There is not an iota of concern for the wishes and rights of the Korean people in this brutal invasion. The attempt to prop up the Syngman Rhee regime by armed force is part of Wall Street’s planned program to dominate and exploit the whole world. Your undeclared war on Korea, Mr. President, is a war of enslavement. That is how the Korean people themselves view it — and no one knows the facts better than they do. They’ve suffered imperialist domination and degradation for half a century and they can recognize its face even when masked with a UN flag. …

THE MILITANT, December 4, 1950

Once more, as at the start of your Korean intervention, I take this means to tell you what I believe is the heartfelt sentiment of the overwhelming majority of humanity, including the American people, today:

Stop your criminal aggression against the Asian people.

Your reckless military adventure in Korea has brought this country into a clash with the 500 millions of China and threatens an “entirely new war” that will engulf millions more of our youth and drain our last resources.

You have permitted MacArthur, with his mad ambition to be the conqueror of all Asia, to deliberately provoke a situation that could mean war on a titanic scale. Now he has turned for a “solution” to the “United Nations and chancelleries of the world.”

But that is precisely where this grave crisis of humankind has been forged — in the UN and the chancelleries. Can we then entrust the further fate of the world to pin-striped diplomats?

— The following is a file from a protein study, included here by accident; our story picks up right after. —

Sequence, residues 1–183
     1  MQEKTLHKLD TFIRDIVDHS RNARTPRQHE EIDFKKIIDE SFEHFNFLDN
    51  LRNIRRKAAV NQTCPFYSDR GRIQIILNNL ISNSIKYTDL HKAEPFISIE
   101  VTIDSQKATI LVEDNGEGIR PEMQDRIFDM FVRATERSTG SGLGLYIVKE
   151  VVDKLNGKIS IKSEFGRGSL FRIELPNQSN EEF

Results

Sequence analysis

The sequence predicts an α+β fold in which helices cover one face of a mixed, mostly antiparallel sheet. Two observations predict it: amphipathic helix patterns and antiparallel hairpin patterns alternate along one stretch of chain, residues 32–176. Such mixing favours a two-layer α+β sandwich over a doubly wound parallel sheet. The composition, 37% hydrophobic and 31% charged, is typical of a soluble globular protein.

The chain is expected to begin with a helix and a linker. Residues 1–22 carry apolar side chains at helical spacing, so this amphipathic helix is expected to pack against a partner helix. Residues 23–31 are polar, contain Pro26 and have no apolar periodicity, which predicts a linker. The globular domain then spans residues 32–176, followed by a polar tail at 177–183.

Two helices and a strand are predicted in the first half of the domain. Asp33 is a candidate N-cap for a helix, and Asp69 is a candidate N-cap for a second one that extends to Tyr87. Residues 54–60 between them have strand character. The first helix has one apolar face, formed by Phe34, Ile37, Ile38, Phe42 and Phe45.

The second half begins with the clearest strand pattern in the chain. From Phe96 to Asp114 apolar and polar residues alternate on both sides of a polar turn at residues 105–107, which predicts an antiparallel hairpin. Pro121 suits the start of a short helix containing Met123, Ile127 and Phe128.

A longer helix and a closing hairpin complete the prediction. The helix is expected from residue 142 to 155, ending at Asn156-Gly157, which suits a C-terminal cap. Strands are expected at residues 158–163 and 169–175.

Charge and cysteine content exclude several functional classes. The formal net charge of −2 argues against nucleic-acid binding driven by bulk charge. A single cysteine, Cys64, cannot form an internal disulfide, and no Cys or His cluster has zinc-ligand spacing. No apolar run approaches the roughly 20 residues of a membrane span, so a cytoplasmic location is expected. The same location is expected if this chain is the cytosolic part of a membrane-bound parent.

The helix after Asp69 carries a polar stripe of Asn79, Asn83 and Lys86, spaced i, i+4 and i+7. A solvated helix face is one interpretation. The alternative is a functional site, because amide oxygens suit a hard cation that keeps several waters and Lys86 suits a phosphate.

Your proposed solution, Mr. President, is a threat to repeat the atrocities of Hiroshima and Nagasaki by using the atom bomb in Korea.

Take heed, Mr. President, before it is too late! Hear the voice of the people of America and the whole world. They are thundering: Stop the war NOW! Recall your madly ambitious MacArthur! Withdraw the troops from Korea! Let the peoples of Asia alone to settle their own fate!

Who wants this war?

Not the Koreans, whose cities, towns and villages have been reduced by your bombs to charred rubble, and who mourn hundreds of thousands of the slain.

Not the Chinese people, whose dead in the struggle against imperialism and Chiang Kai-shek’s despotism number tens of millions. Not the peoples of Europe, whose fears are reflected today in the warnings to you by their governments. …

THE MILITANT, May 7, 1951

My purpose in addressing you for the third time since the Korean war began is to present three concrete proposals on foreign policy as an alternative to the policies of the Truman administration on the one hand and MacArthur-Taft on the other.

Your differences are merely tactical. My differences with both sides in your so-called “Great Debate” are fundamental. You are preoccupied with the problem of how to conduct a war the American people do not want and never approved. I propose to end the war at once and let the American people themselves decide the life and death questions of foreign policy.

I submit the following three proposals: (1) Withdraw all American troops from Korea. (2) Recognize the Peking government. (3) Let the people vote by referendum on the issue of war and peace.

I have opposed your Korean war from the start. Twice before in open letters I urged you to heed the peoples’ will to stop the war and bring the American soldiers home. American troops have no business in Korea. They are being slaughtered by the tens of thousands for no good purpose. Every day they remain swells the casualties list and inflicts more grief upon parents, wives and children. Every day they remain intensifies the hatred of the Asian people for all things American. Again I urge you: Withdraw the U.S. troops from Korea.

The way to peace in Asia is neither to wage a “limited war,” as you are now doing, nor to expand it by bombing Chinese cities and killing the civilian population. The way to peace in Asia is to get out of Asia and let the peoples of Asia run their own affairs. 
 
 
Related articles:
Socialist Workers Party: ‘US hands off Korea!’
All US troops, warships, fighter bombers out now!
US armada heads to Korea, Washington threatens to act
US THAAD anti-missile battery out of Korea!
 
 
 
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http://themilitant.com/2017/8117/811750.html